Tak Havoc: The fact that it’s 2020 and we’re still trying to figure out how to completely eliminate hate groups like the Ku Klux Klan is disheartening, but not surprising. Passiveness is a HUGE problem here in America. Lots of people on both sides seem to have an issue with this, but when it comes to conservatives…it almost feels like they have a personal vendetta against decency.

So, when Ian (DJ Allegiance) and I were talking in July, I asked what kind of record he wanted to do.

He told me we needed to get political.

He sent me a good handful of gorgeous beats to choose from and we ended up crafting “Kill The Klan” over the last month and a half.

HK: What do you feel about the intersection between music and activism? Do the two go hand in hand or should they be separated?

TH: The revolution is always gonna need a soundtrack. I don’t think you could ever separate the two. I think they go hand in hand. The dopest protests I’ve seen have been in Portland where they have the drumline and the homie playing the trumpet and people chanting. That energy is infectious and it continues even after the gas and “nonlethal” rounds are being fired on these peaceful protestors. The music is like the pulse of the movement.

HK: Has your music always been political or driven by social justice and activism?

TH: Not even close, honestly. I like to make happier, more abstract music most of the time cuz that’s usually where my head’s at. But when Breonna Taylor (a respected EMT) was murdered by police officers in her own home while she was sleeping, I was disgusted and enraged.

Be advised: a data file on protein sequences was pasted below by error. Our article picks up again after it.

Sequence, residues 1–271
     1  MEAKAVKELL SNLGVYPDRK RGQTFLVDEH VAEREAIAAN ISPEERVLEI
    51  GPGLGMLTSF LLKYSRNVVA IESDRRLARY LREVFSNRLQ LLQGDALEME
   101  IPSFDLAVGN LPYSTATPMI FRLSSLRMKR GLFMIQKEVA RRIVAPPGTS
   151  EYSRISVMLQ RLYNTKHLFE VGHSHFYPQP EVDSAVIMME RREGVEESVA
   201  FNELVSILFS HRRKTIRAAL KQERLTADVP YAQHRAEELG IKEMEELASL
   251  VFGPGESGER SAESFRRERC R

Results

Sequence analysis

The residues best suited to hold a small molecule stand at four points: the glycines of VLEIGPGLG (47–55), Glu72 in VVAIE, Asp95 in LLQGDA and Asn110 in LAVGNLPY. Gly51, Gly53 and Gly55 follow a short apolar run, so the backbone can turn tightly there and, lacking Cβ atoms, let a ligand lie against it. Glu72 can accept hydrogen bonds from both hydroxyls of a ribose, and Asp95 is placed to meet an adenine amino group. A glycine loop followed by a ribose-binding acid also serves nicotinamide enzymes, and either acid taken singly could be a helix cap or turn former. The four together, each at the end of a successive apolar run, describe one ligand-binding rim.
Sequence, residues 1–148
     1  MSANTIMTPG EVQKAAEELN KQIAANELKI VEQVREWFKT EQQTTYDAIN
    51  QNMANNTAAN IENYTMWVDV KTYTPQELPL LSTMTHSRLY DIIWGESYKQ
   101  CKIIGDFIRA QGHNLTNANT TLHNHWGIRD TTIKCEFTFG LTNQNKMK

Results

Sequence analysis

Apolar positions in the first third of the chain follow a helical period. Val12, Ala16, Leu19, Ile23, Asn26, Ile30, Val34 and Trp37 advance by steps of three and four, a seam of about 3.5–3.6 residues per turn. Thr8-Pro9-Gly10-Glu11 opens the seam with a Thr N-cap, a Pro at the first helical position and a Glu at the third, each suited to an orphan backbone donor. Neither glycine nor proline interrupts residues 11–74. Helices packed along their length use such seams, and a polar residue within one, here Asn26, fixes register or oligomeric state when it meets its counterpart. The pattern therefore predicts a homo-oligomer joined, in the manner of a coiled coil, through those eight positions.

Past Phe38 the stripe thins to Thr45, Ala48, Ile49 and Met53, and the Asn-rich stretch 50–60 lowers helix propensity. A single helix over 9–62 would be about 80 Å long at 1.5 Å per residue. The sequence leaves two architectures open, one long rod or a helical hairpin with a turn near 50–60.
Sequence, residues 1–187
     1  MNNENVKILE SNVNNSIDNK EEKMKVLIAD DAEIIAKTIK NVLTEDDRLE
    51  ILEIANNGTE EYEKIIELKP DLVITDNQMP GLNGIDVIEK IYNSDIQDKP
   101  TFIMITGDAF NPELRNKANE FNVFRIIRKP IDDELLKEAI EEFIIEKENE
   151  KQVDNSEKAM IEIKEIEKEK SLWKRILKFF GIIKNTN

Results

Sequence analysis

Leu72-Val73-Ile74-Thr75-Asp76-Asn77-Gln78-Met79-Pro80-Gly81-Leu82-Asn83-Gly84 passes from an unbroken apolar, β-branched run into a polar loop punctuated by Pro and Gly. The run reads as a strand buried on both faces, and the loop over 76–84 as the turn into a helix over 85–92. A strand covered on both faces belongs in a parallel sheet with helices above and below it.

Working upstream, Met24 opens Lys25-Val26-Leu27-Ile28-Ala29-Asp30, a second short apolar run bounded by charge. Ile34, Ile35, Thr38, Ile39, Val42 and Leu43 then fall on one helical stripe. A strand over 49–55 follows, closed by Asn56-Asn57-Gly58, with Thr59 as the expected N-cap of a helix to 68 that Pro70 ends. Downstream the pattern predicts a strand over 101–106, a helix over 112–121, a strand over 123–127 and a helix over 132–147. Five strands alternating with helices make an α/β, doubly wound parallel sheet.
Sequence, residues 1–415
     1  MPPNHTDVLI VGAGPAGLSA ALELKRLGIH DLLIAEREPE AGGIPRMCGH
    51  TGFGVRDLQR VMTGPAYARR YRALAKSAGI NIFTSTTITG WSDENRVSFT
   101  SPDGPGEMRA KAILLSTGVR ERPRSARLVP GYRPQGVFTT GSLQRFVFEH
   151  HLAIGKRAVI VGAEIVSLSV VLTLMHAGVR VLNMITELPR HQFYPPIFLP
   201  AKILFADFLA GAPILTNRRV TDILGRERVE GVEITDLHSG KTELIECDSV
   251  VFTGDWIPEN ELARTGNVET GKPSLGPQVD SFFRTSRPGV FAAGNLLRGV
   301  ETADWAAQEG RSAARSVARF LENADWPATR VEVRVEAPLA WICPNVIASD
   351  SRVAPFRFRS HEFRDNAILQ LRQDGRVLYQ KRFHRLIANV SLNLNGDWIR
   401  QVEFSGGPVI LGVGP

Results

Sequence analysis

They created a law in this woman’s name (Breonna’s Law) and yet they have yet to charge a single officer for her murder. That, to me, is one of the THOUSANDS of confident displays of racism being enforced by law enforcement today.

I couldn’t keep silent. I make music 24/7 and it reflects wherever I’m at in life, at that moment. And this is where I’m at now, caught in a war for justice and basic human dignity.

HK: Who are some of your inspiriations, musicially or otherwise?

TH: Pink Floyd, MF Doom, Aesop Rock, Del The Funky Homosapien, King Gizzard, Dead Kennedys, Dead Prez, Slum Village, Freddie Gibbs, Nina Simone, Crystal Method, The Pharcyde, George Carlin, Dave Chappelle, Bill Hicks

HK: How is the protest music scene in your home area? Do you feel musicians are generally using their voices for good today or do you feel they can do better?

TH: Alaska has a lot of dope emcees shedding light on important issues. I think overall, Alaskan music artists have come a LONG way.